Apple vs. Microsoft Windows – lessons both failed to learn from each other

Often, it's execution, not concept. That's the problem...

Apple vs. Microsoft

Looking back both Apple and Microsoft (Disclosure: Microsoft is a client of the author) made pivotal strategic mistakes in their operating system strategies that the other firm did well.  In each case the company seemed to walk away with the idea that the strategy was bad when it was clearly, after analysis, that the execution was the problem.  Apple tried to both license the operating system in the 1990s and sell hardware, a practice that failed badly and Steve Jobs eliminated the effort.  

Microsoft tried to get the same operating system to work on PCs and Smartphones and that failed equally badly and has mostly been shut down as well.  However, the Microsoft Surface line of products has been surprisingly successful, and Apple’s sales of the iPad Pro, which is more of laptop than a tablet in use, has been doing very well showcasing that the idea was viable but the execution was at fault.

Let’s talk about the approach each firm took that was different than the other and why one firm could succeed after the other firm failed with basically the same conceptual idea.

Apple: you can license and sell hardware, but…

But the hardware should be well differentiated and high quality.  When Apple was trying to both license the MacOS and sell hardware the one thing we tend to forget is that, back then, Apple hardware sucked.  Even Steve Jobs, before he took the company back over, was outspoken about how badly it sucked.  So, folks started buying better built or cheaper hardware from third parties and Apple bled hardware sales.  

Steve had to shut down all those secondary suppliers because even with massively higher margins the operating system just wasn’t generating enough profit to sustain the company.  But the problem wasn’t the concept it was that Apple just wasn’t competitive at the time with the third-party hardware running the OS, something Jobs eventually fixed. 

Conversely, Microsoft Surface products are considered some of the best built in the segment, outranking Apple, and differentiated as the most Apple like of all the Windows products in market.   As a result, their hardware does just fine and their operating system revenue has been increasing as well.  This means if the hardware is in line with Apple’s current high quality effort you could both license the OS successfully at high margins and sell hardware.  The irony is that Microsoft is successful largely because they emulated Apple’s current quality.  In short, by emulating Apple they did what Apple could not.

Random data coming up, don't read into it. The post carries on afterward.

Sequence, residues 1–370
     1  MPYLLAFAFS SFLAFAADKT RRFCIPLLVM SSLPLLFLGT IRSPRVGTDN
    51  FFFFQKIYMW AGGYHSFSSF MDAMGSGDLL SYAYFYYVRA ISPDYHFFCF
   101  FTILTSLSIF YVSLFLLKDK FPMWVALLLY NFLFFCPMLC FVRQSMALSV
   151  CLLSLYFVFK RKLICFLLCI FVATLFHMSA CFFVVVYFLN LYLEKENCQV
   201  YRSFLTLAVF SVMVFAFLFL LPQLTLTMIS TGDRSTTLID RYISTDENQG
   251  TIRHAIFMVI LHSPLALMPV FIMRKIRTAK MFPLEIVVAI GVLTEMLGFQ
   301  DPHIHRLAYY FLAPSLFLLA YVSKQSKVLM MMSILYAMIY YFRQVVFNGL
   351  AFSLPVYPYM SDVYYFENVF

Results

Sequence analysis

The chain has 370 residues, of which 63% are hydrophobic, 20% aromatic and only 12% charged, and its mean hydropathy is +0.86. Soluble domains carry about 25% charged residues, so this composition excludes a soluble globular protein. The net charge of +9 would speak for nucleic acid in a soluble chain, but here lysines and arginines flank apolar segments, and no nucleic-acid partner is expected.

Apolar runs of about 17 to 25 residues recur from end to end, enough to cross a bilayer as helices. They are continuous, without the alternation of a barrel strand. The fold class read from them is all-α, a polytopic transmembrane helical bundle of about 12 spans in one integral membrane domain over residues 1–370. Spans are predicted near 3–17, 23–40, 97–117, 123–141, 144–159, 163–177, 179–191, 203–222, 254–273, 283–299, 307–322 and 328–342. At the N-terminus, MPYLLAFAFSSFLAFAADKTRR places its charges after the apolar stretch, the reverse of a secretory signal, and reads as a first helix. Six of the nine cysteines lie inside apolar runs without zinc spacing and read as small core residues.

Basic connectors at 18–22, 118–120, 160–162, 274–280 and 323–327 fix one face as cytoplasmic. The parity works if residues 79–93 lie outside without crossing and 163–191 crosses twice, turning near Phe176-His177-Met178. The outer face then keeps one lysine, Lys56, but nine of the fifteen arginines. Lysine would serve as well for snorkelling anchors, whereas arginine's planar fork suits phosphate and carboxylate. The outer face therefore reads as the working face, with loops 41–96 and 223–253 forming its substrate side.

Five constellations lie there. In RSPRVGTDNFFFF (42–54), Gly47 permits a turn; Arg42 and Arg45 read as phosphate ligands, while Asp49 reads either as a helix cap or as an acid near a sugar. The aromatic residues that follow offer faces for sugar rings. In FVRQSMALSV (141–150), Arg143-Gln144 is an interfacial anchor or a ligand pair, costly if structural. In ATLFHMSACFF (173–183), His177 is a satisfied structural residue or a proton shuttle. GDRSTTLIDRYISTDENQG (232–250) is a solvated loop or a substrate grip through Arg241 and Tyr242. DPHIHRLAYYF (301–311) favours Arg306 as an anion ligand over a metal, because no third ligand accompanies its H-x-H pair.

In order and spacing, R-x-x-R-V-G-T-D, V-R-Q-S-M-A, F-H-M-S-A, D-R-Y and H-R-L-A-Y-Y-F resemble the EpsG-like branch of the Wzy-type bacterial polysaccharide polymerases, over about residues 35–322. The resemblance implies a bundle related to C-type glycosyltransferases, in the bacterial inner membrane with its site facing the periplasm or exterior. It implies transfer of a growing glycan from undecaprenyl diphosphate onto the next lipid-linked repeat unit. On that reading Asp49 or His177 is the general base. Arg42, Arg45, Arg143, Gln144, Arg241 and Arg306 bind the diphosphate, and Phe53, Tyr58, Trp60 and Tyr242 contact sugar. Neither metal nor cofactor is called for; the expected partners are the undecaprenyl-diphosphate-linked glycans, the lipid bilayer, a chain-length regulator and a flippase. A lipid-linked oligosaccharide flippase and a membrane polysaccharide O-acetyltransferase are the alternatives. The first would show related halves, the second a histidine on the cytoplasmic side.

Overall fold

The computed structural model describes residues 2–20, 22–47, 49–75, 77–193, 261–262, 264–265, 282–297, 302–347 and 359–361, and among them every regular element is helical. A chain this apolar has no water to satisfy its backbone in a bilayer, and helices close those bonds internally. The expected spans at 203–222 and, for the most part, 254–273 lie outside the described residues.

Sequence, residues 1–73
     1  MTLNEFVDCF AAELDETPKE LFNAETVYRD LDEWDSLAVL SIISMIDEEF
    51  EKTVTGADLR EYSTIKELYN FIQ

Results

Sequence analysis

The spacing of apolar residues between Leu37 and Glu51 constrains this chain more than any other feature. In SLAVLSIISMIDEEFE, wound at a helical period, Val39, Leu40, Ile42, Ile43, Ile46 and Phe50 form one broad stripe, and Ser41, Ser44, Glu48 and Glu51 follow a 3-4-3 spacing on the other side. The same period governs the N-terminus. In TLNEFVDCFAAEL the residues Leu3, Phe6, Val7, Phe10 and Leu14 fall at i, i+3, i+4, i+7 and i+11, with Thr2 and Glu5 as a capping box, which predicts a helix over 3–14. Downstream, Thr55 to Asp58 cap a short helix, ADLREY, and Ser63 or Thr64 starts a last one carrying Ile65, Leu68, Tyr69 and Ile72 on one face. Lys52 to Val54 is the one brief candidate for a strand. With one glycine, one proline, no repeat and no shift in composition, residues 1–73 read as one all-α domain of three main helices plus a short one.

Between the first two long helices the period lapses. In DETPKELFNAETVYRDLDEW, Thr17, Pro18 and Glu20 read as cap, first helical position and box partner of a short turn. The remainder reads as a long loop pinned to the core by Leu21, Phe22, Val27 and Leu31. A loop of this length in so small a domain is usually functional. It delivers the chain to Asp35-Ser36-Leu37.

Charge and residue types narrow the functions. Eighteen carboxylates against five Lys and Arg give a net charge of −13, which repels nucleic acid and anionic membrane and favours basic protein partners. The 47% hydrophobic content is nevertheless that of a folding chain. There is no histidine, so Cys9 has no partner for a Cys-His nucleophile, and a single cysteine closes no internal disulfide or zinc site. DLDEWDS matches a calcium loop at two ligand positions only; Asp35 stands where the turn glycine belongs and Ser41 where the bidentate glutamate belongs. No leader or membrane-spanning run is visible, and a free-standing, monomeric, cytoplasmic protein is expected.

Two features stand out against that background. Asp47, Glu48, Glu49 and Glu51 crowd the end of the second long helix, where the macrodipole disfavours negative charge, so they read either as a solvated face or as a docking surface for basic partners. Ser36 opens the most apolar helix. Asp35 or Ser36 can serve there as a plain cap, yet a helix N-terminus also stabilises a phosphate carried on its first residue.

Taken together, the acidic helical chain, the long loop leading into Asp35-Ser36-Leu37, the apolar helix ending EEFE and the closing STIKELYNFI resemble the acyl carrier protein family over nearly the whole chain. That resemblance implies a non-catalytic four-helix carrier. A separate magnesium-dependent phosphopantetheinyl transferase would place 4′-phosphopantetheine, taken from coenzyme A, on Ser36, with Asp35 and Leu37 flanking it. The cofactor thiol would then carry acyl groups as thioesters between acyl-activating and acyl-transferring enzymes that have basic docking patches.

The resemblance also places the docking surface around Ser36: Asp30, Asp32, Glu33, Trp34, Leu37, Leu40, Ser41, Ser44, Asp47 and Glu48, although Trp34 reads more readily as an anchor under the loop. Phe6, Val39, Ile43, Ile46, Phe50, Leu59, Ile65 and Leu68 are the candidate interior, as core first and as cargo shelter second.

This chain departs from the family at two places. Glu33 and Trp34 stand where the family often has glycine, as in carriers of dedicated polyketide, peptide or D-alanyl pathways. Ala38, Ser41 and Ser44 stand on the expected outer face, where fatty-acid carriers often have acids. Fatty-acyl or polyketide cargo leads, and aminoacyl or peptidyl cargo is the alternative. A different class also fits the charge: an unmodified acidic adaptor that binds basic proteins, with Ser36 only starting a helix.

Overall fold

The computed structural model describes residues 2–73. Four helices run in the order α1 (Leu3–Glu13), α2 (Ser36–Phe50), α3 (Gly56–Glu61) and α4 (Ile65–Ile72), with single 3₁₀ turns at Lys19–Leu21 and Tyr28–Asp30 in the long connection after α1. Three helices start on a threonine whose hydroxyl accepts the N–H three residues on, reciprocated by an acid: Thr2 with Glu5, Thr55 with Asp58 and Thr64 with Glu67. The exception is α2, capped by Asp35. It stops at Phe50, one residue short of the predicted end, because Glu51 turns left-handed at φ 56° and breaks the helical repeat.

Microsoft: you can have an OS that goes from smartphone to PC, but…

Microsoft tried to have the same OS go from PCs to smartphones even going as far as buying Nokia’s business to get the needed Smartphone sales volume.  Not only was this effort unsuccessful for Smartphone it resulted in Windows 8, which was one of the least popular OS versions that Microsoft ever tried to sell.  This effort did massive damage to PC sales and sank the Microsoft’s Nokia Smartphone unit.  The effort pretty much died ugly. 

The problem was two-fold, taking something that was designed to run on a high-performance platform like x86 and ramming it down to a lower performance platform like ARM created huge performance problems.  One was there was not performance headroom for an emulator so the applications had to be recompiled and the other was that the apps were designed for performance and screen sizes the Smartphone couldn’t deliver.  

Instead of taking the MacOS and scaling it down, Apple took iOS and allowed it to scale up.  It is far easier to take something that was low power and put it on more powerful hardware than it is to take something that was high performance and get it to run well on a vastly lower power platform with a smaller screen.  In addition, Apple didn’t change processors so even though they could have run an emulator or virtual machine on an X86 version of iOS by using ARM on both they didn’t have to reducing the complexity and assuring the apps were fully portable without having to recompile them. 

Microsoft had two viable paths, come up with a new ARM based OS focused on the phone and migrate it up to PCs like Apple did or partner with Intel to create an x86 platform that would perform in a Smartphone.  Intel did create the latter but Microsoft never supported it and both Intel and Microsoft’s Smartphone efforts failed.    The irony here is that Microsoft’s success with Windows was due to historic partnership with Intel, both largely failed because they chose not to repeat what had been successful in the past.  In short, they failed because they didn’t emulate Bill Gate’s Microsoft. 

Wrapping up: execution over concept

This is a common problem, a firm comes up with a viable idea but doesn’t think it through or under resources it so it fails, concluding the idea was bad when, more often it was the execution.   IBM had the first idea for a Smartphone and Philips had an iPhone concept 5 years before Apple but Apple fully executed and became the most valuable tech company in the world.  Microsoft came up with the first high volume tablet but it sucked as a tablet while Apple did the iPad better.   GM had a viable electric car decades before Tesla out executed them and became the most valuable car company for a while.   Palm tried to license their Smartphone OS and failed badly only to watch Google do it and basically take the market away from Apple. 

The lasting lesson is rather than throwing out an idea when it fails, analyse the failure, and then conclude whether it is the idea, or the execution, that was the cause.  In virtually every case I’ve been brought in on it was the execution, not the idea, that was at fault. 

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